Authors: Hermann Hesse
Every child must ride the carousel. Tu Fu gave money to the children; the Shadow beckoned to all the children to come nearer. They clustered around their benefactor, clung to him, begged, thanked. There was a pretty blond girl of twelve who asked repeatedly; she rode on every round. In the glitter of the lights her short skirt blew up around her boyish legs. One child cried. Boys fought. The cymbals clanged sharply along with the organ, poured fire into the beat, opium into the wine. For a long while the four stood amid the tumult.
Then they returned to their quiet table under the trees. The Armenian filled the cups with wine, stirred up doom, smiled brightly.
“Let us empty three hundred cups today,” Klingsor sang. His sun-bleached hair glowed yellow, his laughter boomed. Melancholia knelt, a giant, upon his twitching heart. He held up his glass in a toast, he hailed doom, hailed the desire for death, the Tsing Tse key. The carousel music surged and roared. But inside his heart, dread lurked. The heart did not want to die. The heart hated death.
Suddenly more music assaulted the night, shrill, intemperate, from the tavern. In the nook beside the chimney piece, whose shelf was lined with neatly arranged wine bottles, a player-piano blazed, machine-gun fire, wild, hectoring, impetuous. Sorrow cried from discordant strings, steam-roller rhythm flattened groaning dissonances. There was a crowd here too, light, noise, young men and girls dancing, the lame waitress too, and Tu Fu. He danced with the blond little girl. Klingsor watched. Lightly, sweetly, her short summer dress whirled around the pretty skinny legs. Tu Fu's face smiled amiably, filled with love. The others sat at the chimney piece; they had come in from the garden, were close to the source of the music, in the very midst of it. Klingsor saw tones, heard colors. The magus took one and another bottle from the shelf, opened them, poured. His smile never wavered on his brown intelligent face. The music thumped fearfully in the low-ceilinged hall. Slowly the Armenian opened a breach in the row of old bottles on the mantle, like a temple robber removing, chalice by chalice, the precious utensils from an altar.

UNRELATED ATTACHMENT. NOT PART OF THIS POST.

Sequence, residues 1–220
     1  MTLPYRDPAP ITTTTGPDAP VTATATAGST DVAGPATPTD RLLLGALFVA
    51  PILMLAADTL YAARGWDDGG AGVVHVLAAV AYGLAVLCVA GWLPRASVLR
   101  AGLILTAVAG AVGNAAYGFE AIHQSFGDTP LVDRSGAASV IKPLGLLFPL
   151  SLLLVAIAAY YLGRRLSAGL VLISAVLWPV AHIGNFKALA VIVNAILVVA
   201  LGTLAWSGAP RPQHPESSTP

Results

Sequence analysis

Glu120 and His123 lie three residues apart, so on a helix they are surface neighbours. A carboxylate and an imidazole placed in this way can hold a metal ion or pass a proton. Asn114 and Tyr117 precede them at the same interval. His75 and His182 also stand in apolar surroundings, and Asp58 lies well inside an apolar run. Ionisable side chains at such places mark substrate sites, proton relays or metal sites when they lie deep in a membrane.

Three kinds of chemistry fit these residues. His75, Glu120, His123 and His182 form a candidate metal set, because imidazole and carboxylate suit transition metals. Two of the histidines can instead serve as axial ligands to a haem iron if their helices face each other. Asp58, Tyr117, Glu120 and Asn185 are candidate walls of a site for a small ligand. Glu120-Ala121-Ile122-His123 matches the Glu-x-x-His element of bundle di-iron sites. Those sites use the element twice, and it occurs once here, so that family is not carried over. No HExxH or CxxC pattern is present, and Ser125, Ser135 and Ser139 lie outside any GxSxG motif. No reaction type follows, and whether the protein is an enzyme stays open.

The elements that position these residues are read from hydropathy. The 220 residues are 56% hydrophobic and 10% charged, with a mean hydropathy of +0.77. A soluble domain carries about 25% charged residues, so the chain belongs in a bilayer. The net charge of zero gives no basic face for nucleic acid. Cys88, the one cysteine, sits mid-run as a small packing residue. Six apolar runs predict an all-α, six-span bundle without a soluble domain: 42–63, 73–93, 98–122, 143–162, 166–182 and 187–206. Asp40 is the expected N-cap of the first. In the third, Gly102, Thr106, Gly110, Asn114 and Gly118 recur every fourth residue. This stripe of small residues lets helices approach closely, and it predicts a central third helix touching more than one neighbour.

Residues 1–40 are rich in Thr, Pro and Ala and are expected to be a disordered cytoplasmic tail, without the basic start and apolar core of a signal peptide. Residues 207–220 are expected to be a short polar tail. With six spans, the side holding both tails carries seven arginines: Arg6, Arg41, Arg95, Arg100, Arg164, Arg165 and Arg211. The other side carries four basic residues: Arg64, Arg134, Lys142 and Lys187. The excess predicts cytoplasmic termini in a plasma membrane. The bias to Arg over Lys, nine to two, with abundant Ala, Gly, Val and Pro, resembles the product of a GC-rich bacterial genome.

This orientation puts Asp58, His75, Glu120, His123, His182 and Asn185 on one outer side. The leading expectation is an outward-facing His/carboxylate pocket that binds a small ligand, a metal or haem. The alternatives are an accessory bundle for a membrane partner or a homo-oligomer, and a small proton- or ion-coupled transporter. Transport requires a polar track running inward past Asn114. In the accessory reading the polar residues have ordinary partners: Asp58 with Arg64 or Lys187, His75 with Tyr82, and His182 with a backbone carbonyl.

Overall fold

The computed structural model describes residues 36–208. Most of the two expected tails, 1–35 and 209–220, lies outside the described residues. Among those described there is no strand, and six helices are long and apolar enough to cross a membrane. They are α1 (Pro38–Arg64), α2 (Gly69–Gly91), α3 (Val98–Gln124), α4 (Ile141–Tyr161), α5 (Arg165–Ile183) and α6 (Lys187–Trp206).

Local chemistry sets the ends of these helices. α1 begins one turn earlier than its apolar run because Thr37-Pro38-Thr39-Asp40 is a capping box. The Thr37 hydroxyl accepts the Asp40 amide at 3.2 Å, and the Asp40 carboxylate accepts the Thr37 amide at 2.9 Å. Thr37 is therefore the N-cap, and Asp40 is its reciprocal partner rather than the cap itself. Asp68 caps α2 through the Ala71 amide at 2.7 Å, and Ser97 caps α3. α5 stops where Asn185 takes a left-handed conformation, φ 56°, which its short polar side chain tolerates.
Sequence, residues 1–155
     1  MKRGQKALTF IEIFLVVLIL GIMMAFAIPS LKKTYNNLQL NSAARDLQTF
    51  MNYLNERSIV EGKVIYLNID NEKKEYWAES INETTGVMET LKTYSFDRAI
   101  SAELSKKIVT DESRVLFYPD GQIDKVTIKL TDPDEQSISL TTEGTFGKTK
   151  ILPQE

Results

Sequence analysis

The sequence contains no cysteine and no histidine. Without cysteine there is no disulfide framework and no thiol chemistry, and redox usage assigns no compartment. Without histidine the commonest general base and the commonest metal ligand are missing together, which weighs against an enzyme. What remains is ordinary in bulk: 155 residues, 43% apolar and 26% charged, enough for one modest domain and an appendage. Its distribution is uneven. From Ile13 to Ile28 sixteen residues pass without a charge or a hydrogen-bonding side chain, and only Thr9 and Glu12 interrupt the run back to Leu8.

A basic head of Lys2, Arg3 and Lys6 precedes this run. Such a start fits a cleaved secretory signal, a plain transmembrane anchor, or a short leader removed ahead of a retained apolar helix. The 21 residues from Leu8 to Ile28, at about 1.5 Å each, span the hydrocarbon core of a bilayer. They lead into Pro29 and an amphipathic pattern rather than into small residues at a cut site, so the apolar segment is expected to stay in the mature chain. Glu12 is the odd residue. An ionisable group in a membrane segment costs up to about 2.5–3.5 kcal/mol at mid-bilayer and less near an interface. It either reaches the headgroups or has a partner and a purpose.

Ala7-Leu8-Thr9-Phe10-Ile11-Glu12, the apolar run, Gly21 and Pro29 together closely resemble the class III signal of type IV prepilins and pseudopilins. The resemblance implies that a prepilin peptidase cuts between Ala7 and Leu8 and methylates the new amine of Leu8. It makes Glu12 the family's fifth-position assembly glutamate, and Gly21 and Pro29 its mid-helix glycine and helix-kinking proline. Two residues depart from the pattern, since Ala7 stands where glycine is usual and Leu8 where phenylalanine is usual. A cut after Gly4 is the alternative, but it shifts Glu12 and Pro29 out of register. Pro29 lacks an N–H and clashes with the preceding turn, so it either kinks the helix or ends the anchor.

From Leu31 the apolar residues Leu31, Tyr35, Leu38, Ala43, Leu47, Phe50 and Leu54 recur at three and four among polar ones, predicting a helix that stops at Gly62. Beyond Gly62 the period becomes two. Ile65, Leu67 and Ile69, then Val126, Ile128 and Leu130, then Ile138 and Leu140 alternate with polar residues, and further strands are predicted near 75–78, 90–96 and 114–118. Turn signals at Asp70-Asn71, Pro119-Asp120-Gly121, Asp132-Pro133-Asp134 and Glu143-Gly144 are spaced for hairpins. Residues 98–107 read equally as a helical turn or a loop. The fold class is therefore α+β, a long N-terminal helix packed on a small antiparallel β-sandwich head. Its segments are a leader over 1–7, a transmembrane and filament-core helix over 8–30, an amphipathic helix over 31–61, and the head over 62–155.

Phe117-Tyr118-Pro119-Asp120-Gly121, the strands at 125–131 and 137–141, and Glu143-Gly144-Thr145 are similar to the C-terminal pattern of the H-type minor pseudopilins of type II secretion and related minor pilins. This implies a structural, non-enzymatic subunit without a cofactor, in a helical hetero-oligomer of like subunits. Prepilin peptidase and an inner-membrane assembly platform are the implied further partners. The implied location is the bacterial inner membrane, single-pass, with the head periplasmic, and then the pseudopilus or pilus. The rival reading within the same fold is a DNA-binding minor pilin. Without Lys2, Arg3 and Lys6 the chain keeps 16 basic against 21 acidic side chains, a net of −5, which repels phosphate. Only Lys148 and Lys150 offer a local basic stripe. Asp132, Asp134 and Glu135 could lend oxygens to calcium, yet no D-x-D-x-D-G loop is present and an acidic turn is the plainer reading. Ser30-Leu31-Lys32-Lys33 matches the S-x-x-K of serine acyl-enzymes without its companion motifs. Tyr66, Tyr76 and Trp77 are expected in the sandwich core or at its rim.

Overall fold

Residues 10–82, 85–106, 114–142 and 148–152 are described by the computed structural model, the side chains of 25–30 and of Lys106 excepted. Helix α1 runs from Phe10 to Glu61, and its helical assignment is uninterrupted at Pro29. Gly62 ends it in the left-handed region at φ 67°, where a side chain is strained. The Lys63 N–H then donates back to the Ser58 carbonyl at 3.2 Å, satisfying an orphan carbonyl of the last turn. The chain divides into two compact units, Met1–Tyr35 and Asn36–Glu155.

“You are a great artist,” the astrologer whispered to Klingsor as he filled his cup. “You are one of the greatest artists of this age. You are quite entitled to call yourself Li Po. But, Li Po, you are a poor, harried, tormented, and anxiety-ridden man. You have struck up the music of doom; you sit singing in your burning house, which you yourself have set afire, and you do not feel happy about it, Li Po, even if you empty three hundred cups every day and drink with the moon. You are not happy about it, you are very sorry about it, singer of doom. Won't you stop? Don't you want to live? Don't you want to continue?”
Klingsor drank and whispered back in his somewhat hoarse voice: “Can a man change fate? Is there freedom of the will? Can you, astrologer, guide my stars differently?”
“I cannot guide them, only interpret them. Only you yourself can guide. There is freedom of the will. It is the wisdom of the Magi.”
“Why should I practice the wisdom of the Magi when I can practice art? Isn't art just as good?”
“Everything is good. Nothing is good. The wisdom of the Magi abolishes illusions. It abolishes that worst of illusions which we call âtime.'”
“Doesn't art do that also?”
“It tries to. Is your painted July, which you have there in your portfolio, enough for you? Have you abolished time? Are you without fear of the autumn, of the winter?”
Klingsor sighed and fell silent. Silently, he drank. Silently, the magus filled his cup. Hectically, the unleashed mechanical piano rumbled. Angelically, Tu Fu's face floated among the dancers. July was over.
Klingsor toyed with the empty bottles on the table, arranging them in a circle.
“These are our cannon,” he exclaimed. “With these cannon we shoot time to pieces, death to pieces, misery to pieces. I have also shot at death with paints, with fiery green and explosive vermilion and sweet scarlet lake. Often I have hit him on the head; I have driven white and blue into his eye. I have often sent him scurrying. I shall meet him often again, overcome him, outwit him. Look at the Armenian; he is opening another old bottle and the imprisoned sun of past summers shoots into our blood. The Armenian, too, helps us shoot at death; the Armenian, too, knows no other weapon against death.”
The magus broke bread and ate.
“I need no weapon against death because there is no death. There is only one thing: dread of death. That can be cured; there is a weapon to use against that. It is a matter of an hour to overcome that dread. But Li Po does not want to. For Li loves death; he loves his dread of death, his melancholy, his misery. Only his dread has taught him all that he can do and all we love him for.”